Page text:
Categories: News Article

Catholic Institute of Technology: a New University that Will Blend Faith and Innovation in the Heart of the Church

Set in a beautiful villa in the scenic town of Castel Gandolfo, Italy, Catholic Institute of Technology is a brand new university founded on the vision of integrating cutting-edge scientific research and rapid technological advancement with the wisdom and tradition of the Catholic faith. In the fall of 2024, CatholicTech will open its doors to students seeking to become saints, scientists, scholars, and leaders in their fields.

CatholicTech was founded in the fall of 2023 by Bill and Alexis Haughey, along with Bishop Arther Kennedy, auxiliary bishop of the Archdiocese of Boston, who serves as professor emeritus and University President. Together, the three, who all hail from Boston, came up with the idea of founding an authentically Catholic university, one that is wholly dedicated to educating its students with a theological and ethical foundation, particularly in the STEM fields, and to helping restore the Church’s longstanding history of being a leader in the faith and scientific contributions.

Alexis herself is an MIT engineering alumna, and is currently a PhD student in the Technology Innovation and Entrepreneurial Strategy group at MIT’s Sloan School of Management. Her background in academic research emphasizing technology and innovation, combined with Bill’s experience as an accomplished entrepreneur, with involvement in real estate, engineering, and construction consulting, equipped and inspired the couple to pursue this initiative to found a university that will form leaders in the disciplines of science, technology, engineering, and mathematics.

For Bill and Alexis, CatholicTech is a work of and for the Universal Church, and as such, it integrates a wide diversity of religious vocations and orders: the school has a partnership with the Jesuit community nearby, a relationship with the Vatican Observatory, and has on its staff a Norbertine friar, a Legionary of Christ and Consecrated Woman of Regnum Christi, and priests from North America, Europe, and Africa. The school itself was once a retreat center run by Opus Dei, who were integral in helping with the logistics of the purchase and transition of the school.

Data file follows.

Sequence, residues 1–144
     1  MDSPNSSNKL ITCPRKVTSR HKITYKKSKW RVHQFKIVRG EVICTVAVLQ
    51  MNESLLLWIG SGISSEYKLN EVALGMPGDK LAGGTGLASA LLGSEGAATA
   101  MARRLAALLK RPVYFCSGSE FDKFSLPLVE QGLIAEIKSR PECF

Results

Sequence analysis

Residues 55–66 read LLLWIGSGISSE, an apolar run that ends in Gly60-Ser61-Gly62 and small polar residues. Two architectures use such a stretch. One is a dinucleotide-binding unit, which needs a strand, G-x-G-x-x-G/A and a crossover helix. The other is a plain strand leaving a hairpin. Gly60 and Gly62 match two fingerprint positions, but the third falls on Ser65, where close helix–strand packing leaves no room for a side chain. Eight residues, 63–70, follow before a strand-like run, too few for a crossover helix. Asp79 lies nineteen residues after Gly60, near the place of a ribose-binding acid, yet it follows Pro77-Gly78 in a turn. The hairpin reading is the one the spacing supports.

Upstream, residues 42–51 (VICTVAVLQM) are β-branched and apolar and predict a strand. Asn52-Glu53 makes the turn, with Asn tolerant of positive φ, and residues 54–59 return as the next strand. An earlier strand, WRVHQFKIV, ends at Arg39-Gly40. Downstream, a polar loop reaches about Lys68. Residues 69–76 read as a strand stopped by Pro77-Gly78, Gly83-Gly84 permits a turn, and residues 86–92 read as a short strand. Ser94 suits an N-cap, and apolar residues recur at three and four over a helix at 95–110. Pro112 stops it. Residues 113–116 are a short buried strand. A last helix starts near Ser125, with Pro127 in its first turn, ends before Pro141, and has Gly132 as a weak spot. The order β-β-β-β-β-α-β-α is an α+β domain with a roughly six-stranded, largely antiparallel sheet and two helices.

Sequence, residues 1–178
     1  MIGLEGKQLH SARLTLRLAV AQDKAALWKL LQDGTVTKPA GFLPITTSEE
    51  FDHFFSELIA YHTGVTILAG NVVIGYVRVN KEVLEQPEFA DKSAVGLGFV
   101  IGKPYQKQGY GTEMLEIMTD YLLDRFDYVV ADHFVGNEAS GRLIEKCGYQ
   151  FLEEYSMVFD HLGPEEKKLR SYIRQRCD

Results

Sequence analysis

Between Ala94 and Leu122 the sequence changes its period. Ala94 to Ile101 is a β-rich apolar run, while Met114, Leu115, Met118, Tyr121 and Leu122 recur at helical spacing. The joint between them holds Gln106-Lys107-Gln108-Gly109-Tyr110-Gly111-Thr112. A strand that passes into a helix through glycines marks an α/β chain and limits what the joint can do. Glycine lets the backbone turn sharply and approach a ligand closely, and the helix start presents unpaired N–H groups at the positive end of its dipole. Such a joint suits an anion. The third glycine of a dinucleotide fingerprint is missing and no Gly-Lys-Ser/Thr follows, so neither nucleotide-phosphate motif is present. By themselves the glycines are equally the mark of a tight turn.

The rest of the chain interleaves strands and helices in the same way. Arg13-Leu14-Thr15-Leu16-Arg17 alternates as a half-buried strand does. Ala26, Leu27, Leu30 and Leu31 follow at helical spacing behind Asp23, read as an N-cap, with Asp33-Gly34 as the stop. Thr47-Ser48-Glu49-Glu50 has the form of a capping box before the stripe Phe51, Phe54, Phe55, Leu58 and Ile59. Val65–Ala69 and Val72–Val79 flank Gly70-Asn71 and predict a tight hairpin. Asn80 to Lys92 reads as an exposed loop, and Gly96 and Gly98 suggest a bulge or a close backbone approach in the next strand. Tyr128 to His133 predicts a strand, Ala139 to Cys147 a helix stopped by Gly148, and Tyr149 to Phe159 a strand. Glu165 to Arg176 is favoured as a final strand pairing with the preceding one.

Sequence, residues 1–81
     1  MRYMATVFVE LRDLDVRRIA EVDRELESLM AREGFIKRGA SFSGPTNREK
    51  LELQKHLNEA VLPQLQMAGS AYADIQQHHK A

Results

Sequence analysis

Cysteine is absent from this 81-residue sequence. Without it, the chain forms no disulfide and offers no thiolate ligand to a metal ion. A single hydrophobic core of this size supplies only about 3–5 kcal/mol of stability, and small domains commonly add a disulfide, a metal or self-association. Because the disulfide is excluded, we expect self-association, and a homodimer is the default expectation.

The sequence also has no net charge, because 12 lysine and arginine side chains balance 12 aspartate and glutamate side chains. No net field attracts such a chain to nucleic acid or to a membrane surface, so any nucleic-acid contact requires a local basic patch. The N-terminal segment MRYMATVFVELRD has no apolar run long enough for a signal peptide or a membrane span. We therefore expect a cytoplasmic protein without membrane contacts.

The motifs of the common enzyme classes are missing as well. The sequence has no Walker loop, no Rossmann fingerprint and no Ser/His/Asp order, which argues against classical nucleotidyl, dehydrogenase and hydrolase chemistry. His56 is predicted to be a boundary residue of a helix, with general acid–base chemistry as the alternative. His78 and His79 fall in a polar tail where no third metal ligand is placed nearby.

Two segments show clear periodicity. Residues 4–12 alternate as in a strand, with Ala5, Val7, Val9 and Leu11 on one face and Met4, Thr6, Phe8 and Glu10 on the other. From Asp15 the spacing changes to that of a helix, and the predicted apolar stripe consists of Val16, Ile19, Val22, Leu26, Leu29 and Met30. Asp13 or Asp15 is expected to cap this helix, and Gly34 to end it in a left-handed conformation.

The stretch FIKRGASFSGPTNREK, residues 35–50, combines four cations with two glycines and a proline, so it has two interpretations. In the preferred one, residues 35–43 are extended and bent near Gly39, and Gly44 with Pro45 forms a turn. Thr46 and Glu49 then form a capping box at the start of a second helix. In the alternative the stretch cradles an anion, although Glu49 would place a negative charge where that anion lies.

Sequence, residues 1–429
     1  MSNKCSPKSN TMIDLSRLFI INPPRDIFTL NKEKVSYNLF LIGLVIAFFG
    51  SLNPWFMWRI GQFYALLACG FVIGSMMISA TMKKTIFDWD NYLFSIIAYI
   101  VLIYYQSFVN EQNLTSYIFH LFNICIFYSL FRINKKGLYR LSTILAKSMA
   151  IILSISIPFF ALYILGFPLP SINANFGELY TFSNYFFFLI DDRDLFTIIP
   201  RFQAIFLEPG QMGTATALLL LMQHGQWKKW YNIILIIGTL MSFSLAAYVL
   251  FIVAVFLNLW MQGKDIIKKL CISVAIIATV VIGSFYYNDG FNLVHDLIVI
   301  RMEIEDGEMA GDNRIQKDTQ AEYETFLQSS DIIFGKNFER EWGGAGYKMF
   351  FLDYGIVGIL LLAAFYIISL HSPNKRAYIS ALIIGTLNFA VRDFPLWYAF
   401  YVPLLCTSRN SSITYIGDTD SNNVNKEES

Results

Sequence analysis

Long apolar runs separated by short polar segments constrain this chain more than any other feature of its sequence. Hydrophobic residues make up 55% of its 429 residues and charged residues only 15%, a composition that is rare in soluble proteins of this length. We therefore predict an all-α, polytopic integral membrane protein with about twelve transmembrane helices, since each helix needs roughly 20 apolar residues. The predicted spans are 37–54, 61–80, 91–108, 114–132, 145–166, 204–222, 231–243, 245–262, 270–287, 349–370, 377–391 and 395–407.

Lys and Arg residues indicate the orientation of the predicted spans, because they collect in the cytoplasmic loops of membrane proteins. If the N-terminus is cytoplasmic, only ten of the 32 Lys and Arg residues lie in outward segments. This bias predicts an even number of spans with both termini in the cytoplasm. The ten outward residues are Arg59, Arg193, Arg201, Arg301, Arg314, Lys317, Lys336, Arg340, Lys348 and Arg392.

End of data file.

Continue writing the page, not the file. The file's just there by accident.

Situated in the picturesque Alban Hills near Rome and within walking distance of the Vatican Observatory, CatholicTech school expects to admit approximately 50 students each year. As an American university seeking American regional accreditation, all classes will be taught in English, with the exception of Italian and Latin.

Catholic Institute of Technology: a new university that will blend faith and innovation in the heart of the Church

And the mission of the school is clear: to integrate the wisdom of revelation with the truths that are discoverable to human reason, through a curriculum that incorporates the rigors of technical education with a moral and spiritual formation in the Catholic faith. To that end, CatholicTech hopes to form students who will be impactful leaders in their fields of scientific research and innovation, fully aligned with the teachings of the Catholic Church and informed by faith, reason, and virtue.